You might remember that, back in the summer of last year, I wrote about the oak woods of Taynish in Knapdale. These are one of the last remnants of Britain’s temperate rainforests, having flourished in the mild, moisture-laden climate of the west coast for around 7,000 years. It’s an enchanting, invigorating place: in spring, as you walk in dappled shadow beneath the freshly-emerging canopy of leaves, you feel as if you’re breathing the same air as Argyll’s ancient ancestors.
I was therefore delighted to come across a new book entitled ‘The Rainforests of Britain and Ireland – A Traveller’s Guide’. Written by Clifton Bain and published by Sandstone Press, it is a celebration of these age-old realms of leaves and lichen, describing their natural history, their evolution over time, their links with human activity, and the ways in which they are being managed and preserved for the future.
The book opens with an insight into the temperate rainforests of the world: these fall into eight regions, from Pacific north-west America to south-west Japan and New Zealand. I was interested to read that their defining features include an annual rainfall of over 1,500 mm (59 inches), with rainy days occurring on more than two-thirds of each year. Of these, Britain’s own rainforests enjoy one of the wettest climates, with an annual rainfall that can exceed 4,000 mm (that’s over 13 feet of rain!) This, with the addition of sea mists, makes an ideal environment for mosses, ferns and lichens to thrive.
“For thousands of years humans have interacted with these woods. In ancient times as people travelled mostly by boat, the eastern Atlantic was a major sea-going highway with communities settling all along the west coast of Britain and Ireland. Later, as agriculture developed, many woodlands were converted to grazing pasture and arable crops or managed as coppice, leaving the small remnants we see today in the least accessible places with poorer soils.”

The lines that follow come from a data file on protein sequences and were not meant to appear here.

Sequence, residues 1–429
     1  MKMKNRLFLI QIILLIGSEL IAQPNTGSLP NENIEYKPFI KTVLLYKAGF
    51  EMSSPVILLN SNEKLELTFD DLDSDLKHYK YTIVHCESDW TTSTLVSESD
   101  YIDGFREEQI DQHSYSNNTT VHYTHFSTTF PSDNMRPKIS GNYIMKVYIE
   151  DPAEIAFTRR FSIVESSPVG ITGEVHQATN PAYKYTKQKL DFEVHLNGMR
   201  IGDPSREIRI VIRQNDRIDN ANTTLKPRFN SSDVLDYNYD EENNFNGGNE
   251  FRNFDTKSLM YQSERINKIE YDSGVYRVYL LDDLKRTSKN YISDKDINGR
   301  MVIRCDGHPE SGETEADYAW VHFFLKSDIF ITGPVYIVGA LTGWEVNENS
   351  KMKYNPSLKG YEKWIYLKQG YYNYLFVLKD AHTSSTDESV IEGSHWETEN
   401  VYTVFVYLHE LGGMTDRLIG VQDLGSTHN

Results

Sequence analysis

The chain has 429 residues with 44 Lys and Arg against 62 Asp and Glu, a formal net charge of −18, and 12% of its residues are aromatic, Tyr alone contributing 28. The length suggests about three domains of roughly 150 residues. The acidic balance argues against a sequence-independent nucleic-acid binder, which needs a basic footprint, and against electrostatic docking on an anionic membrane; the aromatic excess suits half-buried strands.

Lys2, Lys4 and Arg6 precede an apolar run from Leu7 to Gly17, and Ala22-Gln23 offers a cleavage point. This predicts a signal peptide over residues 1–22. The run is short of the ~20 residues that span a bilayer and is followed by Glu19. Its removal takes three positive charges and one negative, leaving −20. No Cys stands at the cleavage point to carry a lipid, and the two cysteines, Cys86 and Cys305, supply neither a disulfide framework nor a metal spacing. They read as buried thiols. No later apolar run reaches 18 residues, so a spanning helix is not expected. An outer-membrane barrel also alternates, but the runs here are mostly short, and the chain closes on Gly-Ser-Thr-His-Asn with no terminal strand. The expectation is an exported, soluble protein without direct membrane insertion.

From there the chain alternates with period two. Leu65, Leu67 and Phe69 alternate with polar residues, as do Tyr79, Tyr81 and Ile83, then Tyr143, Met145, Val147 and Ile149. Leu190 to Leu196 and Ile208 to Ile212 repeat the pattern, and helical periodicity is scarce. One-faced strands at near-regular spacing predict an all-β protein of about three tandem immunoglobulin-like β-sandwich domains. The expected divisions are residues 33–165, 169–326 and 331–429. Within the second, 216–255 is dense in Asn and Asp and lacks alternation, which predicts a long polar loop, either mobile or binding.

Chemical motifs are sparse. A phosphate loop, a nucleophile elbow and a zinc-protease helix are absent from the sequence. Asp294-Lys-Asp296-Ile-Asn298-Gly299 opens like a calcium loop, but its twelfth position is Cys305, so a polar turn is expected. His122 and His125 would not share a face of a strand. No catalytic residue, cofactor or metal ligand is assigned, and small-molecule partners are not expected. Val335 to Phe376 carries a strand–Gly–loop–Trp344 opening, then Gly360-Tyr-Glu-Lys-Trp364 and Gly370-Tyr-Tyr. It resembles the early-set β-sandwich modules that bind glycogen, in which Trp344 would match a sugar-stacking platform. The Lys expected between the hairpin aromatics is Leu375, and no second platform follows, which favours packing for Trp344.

Oak is the predominant tree species in many of our rainforests, but in the far north-west of Scotland it gives way to birch. The rapid expansion of oak woodlands since the last ice age is highlighted as a particularly intriguing phenomenon: as acorns tend to fall close to the parent tree, the author explains that it should have taken 100,000 years for oaks to reach Scotland from the Pyrenees – yet pollen studies prove that they got here within 3,000 years. How did this happen? The answer could lie with the jay, whose habit of burying acorns over a wide area may have helped to bring oaks to Britain before it was cut off from the rest of Europe by rising sea levels. What a lovely thought!
The impact of human presence since prehistoric times is described, with insights into how man learned how to manage the woods and the uses he found for the timber; around 6,000 years ago, Neolithic farmers were merely creating clearings in the forest in order to build dwellings and keep cattle, but from the Iron Age onwards the refinement of tools and the need to make way for agriculture sparked the first serious incursions into our ancient rainforests. Then, through medieval forestry practices and a neat explanation of coppicing and pollarding, we make our way to the 21st century and modern management policies which are influenced by the need for careful conservation alongside the provision of public information and access.
I was interested to read that, in 2005, The Botanical Society of Scotland hosted a symposium which revealed that the Atlantic hazel woods such as those at Ballachuan on Seil Island could be our oldest type of ancient woodland, supporting some of our most threatened plant species. The hazel wood at Ballachuan forms a canopy only a few metres high: “Walking among the myriad of stems, forming strange twisted shapes is an eerie but thrilling experience.” I know how true that is, having walked there myself.